Missouri Gov. Mike Parson called the new guidance "disappointing and concerning" and "inconsistent with the overwhelming evidence surrounding the efficacy of the vaccines and their proven results."
He, like others, warned that the measure would undermine efforts to encourage vaccine holdouts to get their shots by casting further doubt on the efficacy of approved vaccines, which have been shown to dramatically decrease the risk of death or hospitalization, despite the occurrence of breakthrough cases.
Last week, White House officials reported that vaccination rates were on the rise in some states where COVID-19 cases were soaring, as more Republican leaders implored their constituents to lay lingering doubts aside and get the shots to protect themselves. That includes Alabama Gov. Kay Ivey, who has pleaded with unvaccinated residents, saying they are the ones "letting us down."
"This self-inflicted setback encourages skepticism and vaccine hesitancy at a time when the goal is to prevent serious illnesses and deaths from COVID-19 through vaccination," Parson tweeted. "This decision only promotes fear & further division among our citizens."
The announcement "will unfortunately only diminish confidence in the vaccine and create more challenges for public health officials ä¸? people who have worked tirelessly to increase vaccination rates," echoed Arizona Gov. Doug Ducey, who has banned mask and vaccine mandates in his state.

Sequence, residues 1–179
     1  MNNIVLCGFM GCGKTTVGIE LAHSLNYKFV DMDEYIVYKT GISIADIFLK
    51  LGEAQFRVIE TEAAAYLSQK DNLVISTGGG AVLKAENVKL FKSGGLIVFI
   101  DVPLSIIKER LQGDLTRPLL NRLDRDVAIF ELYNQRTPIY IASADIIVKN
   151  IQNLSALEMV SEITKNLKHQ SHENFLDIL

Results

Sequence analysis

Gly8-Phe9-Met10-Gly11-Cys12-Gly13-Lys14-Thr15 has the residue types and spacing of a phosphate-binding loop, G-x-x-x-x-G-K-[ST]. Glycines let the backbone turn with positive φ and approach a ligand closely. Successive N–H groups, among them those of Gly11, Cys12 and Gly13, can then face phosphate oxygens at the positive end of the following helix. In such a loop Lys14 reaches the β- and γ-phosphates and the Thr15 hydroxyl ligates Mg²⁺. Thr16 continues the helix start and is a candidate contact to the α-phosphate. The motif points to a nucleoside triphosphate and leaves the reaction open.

In his Wednesday speech, DeSantis took particular aim at the CDC's call for kids to wear masks in the classroom.
"It's not healthy for these students to be sitting there all day, 6-year-old kids in kindergarten covered in masks," he said -- though there is no evidence that wearing masks is harmful to children older than toddler age.
And in South Dakota, Gov. Kristi Noem called out the CDC for shifting its position on masking "AGAIN." She said that those who are worried about the virus can get vaccinated, wear a mask or stay home, but that "Changing CDC guidelines don't help ensure the public's trust."
On Capitol Hill, some Republicans were in revolt after the Capitol's attending physician sent a memo informing members that masks would again have to be worn inside the House at all times.
The change set off a round robin of insults, with Democratic House Speaker Nancy Pelosi calling Republican House Minority Leader Kevin McCarthy "a moron" after McCarthy tweeted, "The threat of bringing masks back is not a decision based on science, but a decision conjured up by liberal government officials who want to continue to live in a perpetual pandemic state."